Getting into phd programs

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  • #1
bfusco
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im an undergraduate and this is my first semester as a physics major. i was talking with another person in the physics program and he was mentioning that the minimum gpa to get into my current schools graduate program is a 3.9 and while it is a good school it isn't MIT or Cal tech. i was wondering what types of things other than gpa look good when applying to a physics phd program because I am not sure if I am going to get a gpa that high.
 

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  • #2
Office_Shredder
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3.9 out of 4? I question the accuracy of that statement.
 
  • #3
bfusco
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well i acknowledge 3.9 may have be off, but still, other than gpa whatlooks good on an application into a phd for physics because high gpas are definitely desired and i want to maximize my opportunity, and also i doubt my ability to get a rearlly high gpa.
 
  • #4
oddjobmj
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I have never applied for a phd program so take what I say with a grain of salt until someone who has comes along and confirms it. However, I will post what I have collected from similar threads because I was in a similar boat and asked the same questions once. I simply have yet to test the answers I was provided :P

I have read nothing about GPA requirements so I won't comment on that.

Attending talks at your school and colloquiums is one thing I have read makes a difference. Not only do you learn how the system works, get to see what's going on at your school as far as research goes and what the phd students are doing, but you will also eventually be recognized as you attend more of these meetings.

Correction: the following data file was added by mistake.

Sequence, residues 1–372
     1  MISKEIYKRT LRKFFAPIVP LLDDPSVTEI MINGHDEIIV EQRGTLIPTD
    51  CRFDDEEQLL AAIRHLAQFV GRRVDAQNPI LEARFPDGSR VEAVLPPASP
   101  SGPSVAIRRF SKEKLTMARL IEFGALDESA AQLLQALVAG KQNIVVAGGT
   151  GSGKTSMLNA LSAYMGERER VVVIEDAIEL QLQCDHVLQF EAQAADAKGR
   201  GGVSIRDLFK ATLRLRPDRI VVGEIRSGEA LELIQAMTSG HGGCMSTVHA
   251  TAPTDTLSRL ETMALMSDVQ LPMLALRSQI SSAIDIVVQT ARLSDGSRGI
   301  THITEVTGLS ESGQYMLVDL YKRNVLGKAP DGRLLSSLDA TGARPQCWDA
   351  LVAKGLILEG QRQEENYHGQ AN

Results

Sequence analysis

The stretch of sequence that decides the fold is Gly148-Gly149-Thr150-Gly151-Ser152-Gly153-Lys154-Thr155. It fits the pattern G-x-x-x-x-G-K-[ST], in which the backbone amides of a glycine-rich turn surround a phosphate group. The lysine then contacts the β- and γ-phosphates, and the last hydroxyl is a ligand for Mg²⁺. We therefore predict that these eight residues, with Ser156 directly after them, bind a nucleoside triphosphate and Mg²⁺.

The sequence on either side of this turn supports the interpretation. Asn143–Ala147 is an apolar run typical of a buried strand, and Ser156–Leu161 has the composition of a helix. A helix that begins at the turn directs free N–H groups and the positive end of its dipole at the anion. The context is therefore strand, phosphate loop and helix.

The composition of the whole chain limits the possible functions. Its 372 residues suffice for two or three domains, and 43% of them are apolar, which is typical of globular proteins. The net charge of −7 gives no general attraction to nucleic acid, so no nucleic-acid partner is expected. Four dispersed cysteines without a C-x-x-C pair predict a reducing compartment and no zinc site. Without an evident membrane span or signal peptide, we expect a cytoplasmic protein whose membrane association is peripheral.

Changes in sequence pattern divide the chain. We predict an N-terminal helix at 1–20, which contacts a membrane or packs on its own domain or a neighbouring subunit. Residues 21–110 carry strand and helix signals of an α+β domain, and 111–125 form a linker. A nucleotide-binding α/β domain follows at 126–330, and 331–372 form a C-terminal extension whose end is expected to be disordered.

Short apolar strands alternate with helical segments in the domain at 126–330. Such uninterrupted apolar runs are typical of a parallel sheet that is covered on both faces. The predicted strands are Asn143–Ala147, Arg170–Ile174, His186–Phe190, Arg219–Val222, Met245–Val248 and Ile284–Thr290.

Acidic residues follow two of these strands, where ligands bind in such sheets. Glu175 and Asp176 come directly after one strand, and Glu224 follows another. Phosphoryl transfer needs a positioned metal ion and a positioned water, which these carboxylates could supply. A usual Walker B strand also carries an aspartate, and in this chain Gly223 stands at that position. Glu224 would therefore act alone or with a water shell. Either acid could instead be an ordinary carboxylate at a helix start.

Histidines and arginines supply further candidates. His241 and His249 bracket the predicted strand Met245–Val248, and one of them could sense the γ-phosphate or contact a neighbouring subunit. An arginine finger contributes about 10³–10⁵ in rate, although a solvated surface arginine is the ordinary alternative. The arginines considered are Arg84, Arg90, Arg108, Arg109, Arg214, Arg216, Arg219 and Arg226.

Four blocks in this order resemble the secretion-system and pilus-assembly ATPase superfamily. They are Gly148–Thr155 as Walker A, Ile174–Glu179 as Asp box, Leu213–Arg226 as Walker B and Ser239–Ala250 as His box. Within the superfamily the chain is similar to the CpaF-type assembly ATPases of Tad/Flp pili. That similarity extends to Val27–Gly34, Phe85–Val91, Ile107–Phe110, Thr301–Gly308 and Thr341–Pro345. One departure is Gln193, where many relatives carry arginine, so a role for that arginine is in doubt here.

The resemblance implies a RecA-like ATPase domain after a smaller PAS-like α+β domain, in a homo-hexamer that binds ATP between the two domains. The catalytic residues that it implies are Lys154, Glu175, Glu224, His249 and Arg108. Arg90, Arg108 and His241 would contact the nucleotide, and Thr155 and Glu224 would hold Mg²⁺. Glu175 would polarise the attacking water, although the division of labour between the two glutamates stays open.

Get to know your professors as best you can. They are going to be busy but they are also perceptive. Look for opportunities to help or get involved, and basically be social.

Also, being a TA and/or similar activities will significantly improve your standing with your professors. Get involved.
 
  • #5
Office_Shredder
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Most schools set a minimum gpa of 3.0 or thereabouts. If you're applying with a gpa of 3.0 though you had better have some other qualifications that make you stand out... in fact, if you're applying with a gpa of 4.0 you should have other qualifications that make you stand out. A phd program is not a bunch of classes where your success is based off of grades, it's a program where you are going to spend more than half of your time doing independent research. Doing an REU or other research as an undergraduate is what they really want to see, along with letter of recommendations from people who will testify to your desire and ability to succeed.
 
  • #6
twofish-quant
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i was talking with another person in the physics program and he was mentioning that the minimum gpa to get into my current schools graduate program is a 3.9 and while it is a good school it isn't MIT or Cal tech.

Was this other person someone that should know something since I don't believe this.

The reason that I don't believe this is that different schools have different grading policies. There is usually a hard limit at 3.0 because if you get below 3.0 in any US undergraduate program, you messed up. At the high levels, it's not clear what a 3.9 means. A 3.9 in one school could be a 3.6 somewhere else, so if you set in a minimum of 3.9 you are just making it easier for people from "easy schools" to get in.

Also once you have decent numbers, what you get your GPA in is more important than what the GPA itself is. Someone that gets 3.5 GPA taking courses like quantum field theory, general relativity, and algebraic topology is a *lot* more attractive than someone that gets a 4.0 with basic algebra or business calculus.
 

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